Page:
Do you ever wonder how our local government works? You’re not alone. Today, we’re kicking off a series where we dig into the ins and outs of how our city’s government is organized and how you can get involved.
The City Council is the legislative body made up of 13 elected representatives for the City of Boston. The council serves as the connection between residents and their municipal government + councilors are elected every two years.
The council is made up of four at-large councilors and nine district councilors that represent specific areas (aka districts). Think: Hyde Park, Charlestown, and Fenway-Kenmore.
Want to know who represents your neighborhood? Find your local representative through this map tool.
How does it work?
The Council enacts laws through a process involving hearings, committee reports, and a vote by members.
The City Council chair will add an item on the agenda for a committee to review. Oftentimes, the committee chair can hold a hearing on the issue — these hearings are open to the public and residents can testify in-person or submit written testimony. At the end of the hearing, the chair will send a report to the full City Council with its recommendation on the issue. If the committee needs more time, the committee chair can ask for another hearing on the issue or send a report to the City Council at a later date.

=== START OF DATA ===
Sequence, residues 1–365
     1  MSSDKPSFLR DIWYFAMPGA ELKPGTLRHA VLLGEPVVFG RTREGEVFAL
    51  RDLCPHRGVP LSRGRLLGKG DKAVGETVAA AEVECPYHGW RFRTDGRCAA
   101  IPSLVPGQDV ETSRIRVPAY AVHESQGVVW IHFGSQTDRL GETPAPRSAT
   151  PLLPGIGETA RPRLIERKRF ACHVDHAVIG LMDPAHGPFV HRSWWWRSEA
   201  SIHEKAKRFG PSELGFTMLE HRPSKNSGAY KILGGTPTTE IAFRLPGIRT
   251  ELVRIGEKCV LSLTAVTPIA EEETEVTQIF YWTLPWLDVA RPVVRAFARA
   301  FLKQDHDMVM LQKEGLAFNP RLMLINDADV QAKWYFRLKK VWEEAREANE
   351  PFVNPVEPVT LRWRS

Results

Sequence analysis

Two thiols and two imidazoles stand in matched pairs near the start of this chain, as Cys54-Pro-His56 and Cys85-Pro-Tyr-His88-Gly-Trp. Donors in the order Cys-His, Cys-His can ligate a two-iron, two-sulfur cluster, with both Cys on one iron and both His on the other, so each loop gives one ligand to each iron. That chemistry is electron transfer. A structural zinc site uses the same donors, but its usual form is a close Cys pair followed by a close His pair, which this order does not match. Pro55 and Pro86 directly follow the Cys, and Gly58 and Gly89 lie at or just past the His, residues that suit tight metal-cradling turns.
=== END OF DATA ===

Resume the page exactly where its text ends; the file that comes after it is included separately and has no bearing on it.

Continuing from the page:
Living in the place where our democracy was started, we want to make sure all Bostonians stay informed + engaged. Let us know which City cabinet or branch of local government we should cover next.